Manage Certificates for HPC Pack 2016 or later version Cluster

There are several certificates used in HPC Pack Cluster for different purpose. Here is a full list:

Certificate Purpose and Description Install Locations
Microsoft HPC Azure Client Used by Head node(s) to communicate with Azure PaaS proxy nodes
It is a self-signed certificate auto-generated by HPC Cluster.
The
Head node(s):
LocalComputer\Personal
Microsoft HPC Azure Service Used by Azure PaaS proxy nodes to communicate with Head node(s)
It is a self-signed certificate auto-generated by HPC Cluster.
Azure proxy nodes:
LocalComputer\Personal
Microsoft HPC Azure Management Used by Head node(s) to communicate with Azure Management Service to manage Azure resources in classic mode Head node(s):
LocalComputer\Personal
LocalComputer\Trusted Root CA (self-signed only)
Azure Portal:
Subscriptions\Management certificates
Azure Service Principal Certificate Used by Head node(s) to communicate with Azure Resource Manager to manage Azure resources in resource manager mode.
You can use the same certificate with Microsoft HPC Azure Management
Head node(s):
LocalComputer\Personal
Azure Service Principal
HPC Pack Communication for Head node Used by Head node(s) to communicate with other head nodes and Compute/Broker/Workstation/Linux nodes (i.e. all other nodes except for Azure PaaS nodes and Azure Batch Pool)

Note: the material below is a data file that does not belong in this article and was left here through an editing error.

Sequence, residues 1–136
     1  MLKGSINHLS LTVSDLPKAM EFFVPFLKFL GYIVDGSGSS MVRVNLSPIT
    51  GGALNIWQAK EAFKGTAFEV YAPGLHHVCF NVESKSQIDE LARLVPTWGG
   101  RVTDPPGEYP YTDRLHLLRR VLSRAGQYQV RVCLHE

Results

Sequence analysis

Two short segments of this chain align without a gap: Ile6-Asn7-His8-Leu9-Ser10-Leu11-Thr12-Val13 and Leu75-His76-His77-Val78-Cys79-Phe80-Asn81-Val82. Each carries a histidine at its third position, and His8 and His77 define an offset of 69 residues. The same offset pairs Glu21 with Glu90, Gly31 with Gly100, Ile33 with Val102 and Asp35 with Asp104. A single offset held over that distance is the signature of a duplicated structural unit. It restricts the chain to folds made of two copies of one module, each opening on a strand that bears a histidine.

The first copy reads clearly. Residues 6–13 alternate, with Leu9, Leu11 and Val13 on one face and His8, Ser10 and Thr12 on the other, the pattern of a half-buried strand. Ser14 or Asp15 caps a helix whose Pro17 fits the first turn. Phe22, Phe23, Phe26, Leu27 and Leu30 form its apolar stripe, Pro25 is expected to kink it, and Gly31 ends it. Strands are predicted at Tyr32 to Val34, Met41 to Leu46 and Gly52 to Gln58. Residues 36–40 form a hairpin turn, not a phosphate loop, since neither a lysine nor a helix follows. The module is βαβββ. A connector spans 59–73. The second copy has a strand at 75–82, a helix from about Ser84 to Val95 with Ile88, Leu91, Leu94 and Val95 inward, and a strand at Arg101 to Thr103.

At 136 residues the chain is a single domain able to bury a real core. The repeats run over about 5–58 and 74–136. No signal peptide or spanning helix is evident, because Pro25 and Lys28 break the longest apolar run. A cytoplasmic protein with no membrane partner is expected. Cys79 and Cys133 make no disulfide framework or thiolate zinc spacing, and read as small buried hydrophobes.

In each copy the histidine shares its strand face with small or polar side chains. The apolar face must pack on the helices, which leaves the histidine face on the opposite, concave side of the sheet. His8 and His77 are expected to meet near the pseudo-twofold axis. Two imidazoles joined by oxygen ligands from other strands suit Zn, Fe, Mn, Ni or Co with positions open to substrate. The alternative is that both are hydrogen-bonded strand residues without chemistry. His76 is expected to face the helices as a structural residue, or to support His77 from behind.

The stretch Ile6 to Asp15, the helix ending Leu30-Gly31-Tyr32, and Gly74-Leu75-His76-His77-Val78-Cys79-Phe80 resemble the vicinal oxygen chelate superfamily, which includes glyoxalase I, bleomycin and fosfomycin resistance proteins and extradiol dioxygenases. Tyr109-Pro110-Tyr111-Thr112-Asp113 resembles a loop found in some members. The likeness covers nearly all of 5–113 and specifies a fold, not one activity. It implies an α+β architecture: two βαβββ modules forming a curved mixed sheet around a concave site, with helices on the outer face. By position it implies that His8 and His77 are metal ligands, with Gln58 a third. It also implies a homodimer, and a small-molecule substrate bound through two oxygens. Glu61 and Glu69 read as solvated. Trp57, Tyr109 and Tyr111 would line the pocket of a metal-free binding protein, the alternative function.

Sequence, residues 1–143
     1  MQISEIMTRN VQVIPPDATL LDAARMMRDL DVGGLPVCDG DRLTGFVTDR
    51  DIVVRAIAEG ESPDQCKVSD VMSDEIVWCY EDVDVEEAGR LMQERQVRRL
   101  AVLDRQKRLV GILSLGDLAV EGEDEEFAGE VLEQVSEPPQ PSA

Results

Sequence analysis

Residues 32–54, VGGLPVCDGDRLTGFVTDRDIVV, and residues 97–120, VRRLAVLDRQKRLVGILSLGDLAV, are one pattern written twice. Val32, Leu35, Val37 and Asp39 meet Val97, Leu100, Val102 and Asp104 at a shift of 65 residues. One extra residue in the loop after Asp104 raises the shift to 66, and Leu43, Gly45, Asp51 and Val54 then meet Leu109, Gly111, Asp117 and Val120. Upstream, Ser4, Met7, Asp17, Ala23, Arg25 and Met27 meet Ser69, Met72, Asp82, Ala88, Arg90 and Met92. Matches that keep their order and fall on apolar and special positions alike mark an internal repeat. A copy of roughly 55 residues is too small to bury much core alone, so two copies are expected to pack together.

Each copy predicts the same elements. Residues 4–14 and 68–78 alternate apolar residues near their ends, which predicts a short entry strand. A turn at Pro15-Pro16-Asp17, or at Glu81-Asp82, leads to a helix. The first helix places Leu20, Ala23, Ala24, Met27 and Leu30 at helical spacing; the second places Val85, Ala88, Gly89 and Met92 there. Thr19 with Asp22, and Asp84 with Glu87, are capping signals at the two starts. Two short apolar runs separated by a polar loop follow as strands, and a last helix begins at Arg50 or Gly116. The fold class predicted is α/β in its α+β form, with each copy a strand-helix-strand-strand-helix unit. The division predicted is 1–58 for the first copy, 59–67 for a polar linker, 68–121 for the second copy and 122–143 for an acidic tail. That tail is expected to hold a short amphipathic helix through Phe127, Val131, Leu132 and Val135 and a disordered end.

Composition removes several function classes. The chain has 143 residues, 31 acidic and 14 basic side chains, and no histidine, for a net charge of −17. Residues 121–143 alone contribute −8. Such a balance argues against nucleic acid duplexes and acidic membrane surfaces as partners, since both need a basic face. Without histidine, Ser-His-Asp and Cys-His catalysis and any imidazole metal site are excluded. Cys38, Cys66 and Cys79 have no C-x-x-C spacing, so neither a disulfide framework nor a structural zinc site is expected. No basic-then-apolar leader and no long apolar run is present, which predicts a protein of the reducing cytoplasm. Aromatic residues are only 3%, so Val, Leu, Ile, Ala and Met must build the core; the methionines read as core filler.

If it is a self-signed certificate, and you plan to use Burst to Azure IaaS VM feature to deploy Azure IaaS compute nodes, you shall also import this certificate into Azure Key Vault so that it can be used Azure IaaS compute nodes to communicate with head node(s)
Head node(s) and IaaS compute nodes(1):
LocalComputer\Personal
LocalComputer\Trusted Root CA (self-signed only)
On-premise Windows nodes and HPC Client(2)(3):
LocalComputer\Trusted Root CA (self-signed only)
HPC Pack Communication for compute node Used by Compute/Broker/Workstation/Linux nodes to communicate with head node(s)
You can use the same certificate with HPC Pack Communication for head node
For an HPC Pack cluster entirely in Azure or a hybrid cluster with Azure IaaS compute nodes, we recommend to use same certificate with HPC Pack Communication for head node
On-premise Windows nodes:
LocalComputer\Personal
LocalComputer\Trusted Root CA (self-signed only)